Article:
Labour Supply as a Buffer: Evidence from UK Households
AbstractThis paper examines labour supply adjustment – both hours worked and participation decisions. We focus on the response of each to financial shocks, employing data from the BHPS. Estimated responses are broadly consistent with models of self-insurance that incorporate labour supply flexibility. The shock reflects several factors including financial wealth and a partner's employment situation. The response is significantly larger for those who change job, consistent with the importance of hours constraints within jobs. The propensity to participate in the labour market also appears to respond to the financial shock but that is somewhat less robust than the hours response.
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Bibliographic InfoPaper provided by Institute for the Study of Labor (IZA) in its series IZA Discussion Papers with number 6506.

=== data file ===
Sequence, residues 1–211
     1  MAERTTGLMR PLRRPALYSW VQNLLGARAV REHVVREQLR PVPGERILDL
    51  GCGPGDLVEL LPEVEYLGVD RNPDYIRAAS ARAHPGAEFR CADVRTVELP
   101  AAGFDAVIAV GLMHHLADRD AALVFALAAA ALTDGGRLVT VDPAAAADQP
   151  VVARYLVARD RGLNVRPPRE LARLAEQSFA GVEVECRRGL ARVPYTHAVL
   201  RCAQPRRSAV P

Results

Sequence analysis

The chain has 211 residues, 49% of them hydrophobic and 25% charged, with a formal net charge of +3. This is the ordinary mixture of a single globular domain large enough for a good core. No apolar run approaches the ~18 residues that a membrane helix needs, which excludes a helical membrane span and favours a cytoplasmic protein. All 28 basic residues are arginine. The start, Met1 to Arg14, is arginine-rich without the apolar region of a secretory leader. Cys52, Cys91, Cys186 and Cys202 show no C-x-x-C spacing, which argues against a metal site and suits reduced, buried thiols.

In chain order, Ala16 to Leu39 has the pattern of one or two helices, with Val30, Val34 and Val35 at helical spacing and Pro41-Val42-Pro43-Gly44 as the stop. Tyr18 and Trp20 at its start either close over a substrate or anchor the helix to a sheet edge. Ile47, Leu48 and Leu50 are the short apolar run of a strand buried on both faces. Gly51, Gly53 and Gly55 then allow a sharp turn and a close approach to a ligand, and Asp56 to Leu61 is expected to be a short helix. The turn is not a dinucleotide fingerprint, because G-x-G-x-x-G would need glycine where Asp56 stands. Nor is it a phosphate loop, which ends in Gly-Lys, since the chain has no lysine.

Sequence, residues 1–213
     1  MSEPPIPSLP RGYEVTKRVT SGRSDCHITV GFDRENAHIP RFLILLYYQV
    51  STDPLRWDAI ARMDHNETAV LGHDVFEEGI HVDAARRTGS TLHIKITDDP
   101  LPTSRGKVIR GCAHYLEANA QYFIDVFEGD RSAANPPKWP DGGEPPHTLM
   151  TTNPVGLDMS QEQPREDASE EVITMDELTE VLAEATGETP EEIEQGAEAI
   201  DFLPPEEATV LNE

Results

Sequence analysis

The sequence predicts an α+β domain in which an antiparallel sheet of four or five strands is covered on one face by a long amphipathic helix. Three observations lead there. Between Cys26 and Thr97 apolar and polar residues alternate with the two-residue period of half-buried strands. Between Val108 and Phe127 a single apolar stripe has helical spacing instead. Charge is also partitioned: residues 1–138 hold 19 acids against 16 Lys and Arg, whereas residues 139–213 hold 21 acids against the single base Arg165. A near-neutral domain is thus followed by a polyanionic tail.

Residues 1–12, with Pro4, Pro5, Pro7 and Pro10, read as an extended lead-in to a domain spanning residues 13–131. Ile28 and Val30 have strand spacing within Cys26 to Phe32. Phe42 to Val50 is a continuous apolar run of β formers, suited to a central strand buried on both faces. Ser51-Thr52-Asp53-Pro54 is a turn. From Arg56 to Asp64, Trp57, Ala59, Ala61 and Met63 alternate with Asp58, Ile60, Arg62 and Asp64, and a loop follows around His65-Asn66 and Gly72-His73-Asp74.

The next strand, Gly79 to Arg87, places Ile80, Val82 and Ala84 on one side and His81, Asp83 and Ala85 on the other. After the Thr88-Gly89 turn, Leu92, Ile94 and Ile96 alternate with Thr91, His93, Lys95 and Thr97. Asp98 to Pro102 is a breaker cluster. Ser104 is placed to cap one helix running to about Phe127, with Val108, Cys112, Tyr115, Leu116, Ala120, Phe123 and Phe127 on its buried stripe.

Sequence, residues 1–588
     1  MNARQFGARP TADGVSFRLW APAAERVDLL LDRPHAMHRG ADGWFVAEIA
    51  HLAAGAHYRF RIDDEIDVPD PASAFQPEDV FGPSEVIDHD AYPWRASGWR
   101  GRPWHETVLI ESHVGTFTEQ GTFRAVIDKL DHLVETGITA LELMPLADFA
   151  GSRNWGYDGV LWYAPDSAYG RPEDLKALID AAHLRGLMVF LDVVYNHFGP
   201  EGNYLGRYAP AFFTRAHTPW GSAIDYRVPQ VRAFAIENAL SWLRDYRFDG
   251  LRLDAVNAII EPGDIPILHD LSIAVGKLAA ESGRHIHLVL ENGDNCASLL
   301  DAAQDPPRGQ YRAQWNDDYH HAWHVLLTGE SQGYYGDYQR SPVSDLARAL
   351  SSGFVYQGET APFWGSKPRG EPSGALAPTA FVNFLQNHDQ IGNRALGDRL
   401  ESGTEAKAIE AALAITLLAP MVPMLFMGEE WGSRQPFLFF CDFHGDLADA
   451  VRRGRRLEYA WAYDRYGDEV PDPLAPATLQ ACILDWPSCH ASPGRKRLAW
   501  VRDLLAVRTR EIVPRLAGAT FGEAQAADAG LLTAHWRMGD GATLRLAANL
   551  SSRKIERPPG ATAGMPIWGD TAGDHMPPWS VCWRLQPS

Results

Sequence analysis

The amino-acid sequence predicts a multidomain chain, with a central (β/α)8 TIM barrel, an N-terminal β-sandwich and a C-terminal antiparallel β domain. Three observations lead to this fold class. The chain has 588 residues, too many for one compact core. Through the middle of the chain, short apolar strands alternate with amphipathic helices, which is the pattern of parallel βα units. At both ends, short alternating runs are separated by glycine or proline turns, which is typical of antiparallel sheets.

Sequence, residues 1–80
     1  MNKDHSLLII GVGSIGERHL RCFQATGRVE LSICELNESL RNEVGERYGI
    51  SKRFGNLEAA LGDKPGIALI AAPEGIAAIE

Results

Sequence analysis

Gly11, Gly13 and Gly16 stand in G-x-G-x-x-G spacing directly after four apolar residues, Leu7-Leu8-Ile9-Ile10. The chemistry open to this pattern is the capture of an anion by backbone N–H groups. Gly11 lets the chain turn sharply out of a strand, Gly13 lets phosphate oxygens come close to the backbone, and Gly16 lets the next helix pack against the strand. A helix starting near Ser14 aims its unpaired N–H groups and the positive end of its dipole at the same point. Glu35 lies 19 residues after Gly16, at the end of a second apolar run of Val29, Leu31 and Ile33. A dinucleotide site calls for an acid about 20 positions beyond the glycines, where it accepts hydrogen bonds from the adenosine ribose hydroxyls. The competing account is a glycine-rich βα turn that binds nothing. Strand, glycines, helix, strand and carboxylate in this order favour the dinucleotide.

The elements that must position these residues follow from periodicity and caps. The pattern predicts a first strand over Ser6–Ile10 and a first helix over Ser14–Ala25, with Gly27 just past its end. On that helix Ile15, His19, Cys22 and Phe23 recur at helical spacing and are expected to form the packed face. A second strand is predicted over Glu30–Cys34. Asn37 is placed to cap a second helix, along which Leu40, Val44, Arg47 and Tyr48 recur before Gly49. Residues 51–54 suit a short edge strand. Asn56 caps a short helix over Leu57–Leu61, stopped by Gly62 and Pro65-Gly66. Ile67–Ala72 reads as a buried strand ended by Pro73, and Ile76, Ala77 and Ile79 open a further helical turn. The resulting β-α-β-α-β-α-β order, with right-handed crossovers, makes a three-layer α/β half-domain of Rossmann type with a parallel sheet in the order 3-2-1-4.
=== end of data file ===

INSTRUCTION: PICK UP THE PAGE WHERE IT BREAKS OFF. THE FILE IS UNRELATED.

Length: 36 pages
Date of creation: Apr 2012
Date of revision:
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Postal: IZA, Margard Ody, P.O. Box 7240, D-53072 Bonn, Germany
Find related papers by JEL classification:
- J22 - Labor and Demographic Economics - - Demand and Supply of Labor - - - Time Allocation and Labor Supply
This paper has been announced in the following NEP Reports:
- NEP-ALL-2012-05-08 (All new papers)
- NEP-IAS-2012-05-08 (Insurance Economics)
- NEP-LAB-2012-05-08 (Labour Economics)
- NEP-LMA-2012-05-08 (Labor Markets - Supply, Demand, & Wages)
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